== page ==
One of the mysteries of the English language finally explained.
1A terrible experience, especially that of seduction or rape.
- ‘Her last thought was that she had saved her son from a fate worse than death.’
- ‘Another option is to move back in with my parents, which quite frankly would be a fate worse than death.’
- ‘The idea of working desk duty was like a fate worse than death.’
- ‘Losing those would be a fate worse than death I assure you!’
- ‘His point, as I pretended intense interest with my gaping pig imitation, was that without organized crime you'd be stuck with disorganized crime, a fate worse than death.’
- ‘For to cut off the limbs of people whose labour on the land gives them both a livelihood and a sense of belonging is to inflict on them a fate worse than death.’
- ‘To me, failing at this calling when challenged would be a fate worse than death.’
- ‘Treves rescues Merrick from a fate worse than death as he is attacked by a ravenous crowd at Liverpool Street station.’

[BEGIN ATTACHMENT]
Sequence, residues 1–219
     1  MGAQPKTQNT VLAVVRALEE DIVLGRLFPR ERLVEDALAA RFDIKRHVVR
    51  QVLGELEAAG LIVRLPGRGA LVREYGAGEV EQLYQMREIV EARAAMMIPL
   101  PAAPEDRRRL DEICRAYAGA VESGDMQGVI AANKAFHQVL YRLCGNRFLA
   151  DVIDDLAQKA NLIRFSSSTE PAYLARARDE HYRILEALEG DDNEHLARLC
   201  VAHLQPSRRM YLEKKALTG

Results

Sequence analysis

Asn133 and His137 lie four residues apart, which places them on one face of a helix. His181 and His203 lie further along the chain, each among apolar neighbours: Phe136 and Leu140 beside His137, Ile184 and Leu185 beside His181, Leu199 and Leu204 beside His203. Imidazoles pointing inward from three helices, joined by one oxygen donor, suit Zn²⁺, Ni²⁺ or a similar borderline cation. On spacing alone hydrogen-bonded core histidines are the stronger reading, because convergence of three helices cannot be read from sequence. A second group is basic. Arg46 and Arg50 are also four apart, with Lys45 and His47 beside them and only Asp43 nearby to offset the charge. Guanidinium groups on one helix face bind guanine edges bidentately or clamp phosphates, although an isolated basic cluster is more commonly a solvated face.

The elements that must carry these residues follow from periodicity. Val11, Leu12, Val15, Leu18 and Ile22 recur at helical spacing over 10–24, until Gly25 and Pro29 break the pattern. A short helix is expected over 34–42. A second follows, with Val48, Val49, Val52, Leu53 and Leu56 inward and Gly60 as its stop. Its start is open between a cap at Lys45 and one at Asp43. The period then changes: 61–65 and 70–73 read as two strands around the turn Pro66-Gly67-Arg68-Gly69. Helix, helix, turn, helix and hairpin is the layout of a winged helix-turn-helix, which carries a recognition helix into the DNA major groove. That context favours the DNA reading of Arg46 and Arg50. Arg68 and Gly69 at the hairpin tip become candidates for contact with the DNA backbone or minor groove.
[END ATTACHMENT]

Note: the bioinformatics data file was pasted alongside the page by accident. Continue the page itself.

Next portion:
- ‘Still a bit dazed, she remembered being thrown into the wall, then saved from a fate worse than death, but then she remembered the face.’
- ‘Why is it considered a fate worse than death to stay at home and rear children?’
- ‘Perhaps the endless waiting and not knowing is literally a fate worse than death.’
- ‘Self-doubt in a self-knowledge paradigm is a fate worse than death, because without a ground of being, one cannot protect oneself from attacks whether they be emotional, cultural, or economic.’
- ‘Positive attention from admiration is fine by me, but having pushy people constantly invading my privacy in the name of admiration is a fate worse than death.’
- ‘If you haven't, then I look forward to reading your email message categorically listing the 39 reasons why I have let you down and how I deserve a fate worse than death.’
- ‘Many people regard stroke as a fate worse than death - and with good reason.’
- ‘A group of brilliant artists were forced to be locked for months in the same office space as me - a fate worse than death.’
- ‘I sense no treachery in your word, but know if you betray me, you shall suffer a fate worse than death.’
- ‘It'd be a fate worse than death, a bit like being kept comatose on life support for decades: yes, technically you're alive, but it's no life at all.’
- ‘Cara nodded again, as though resigning herself to a fate worse than death.’
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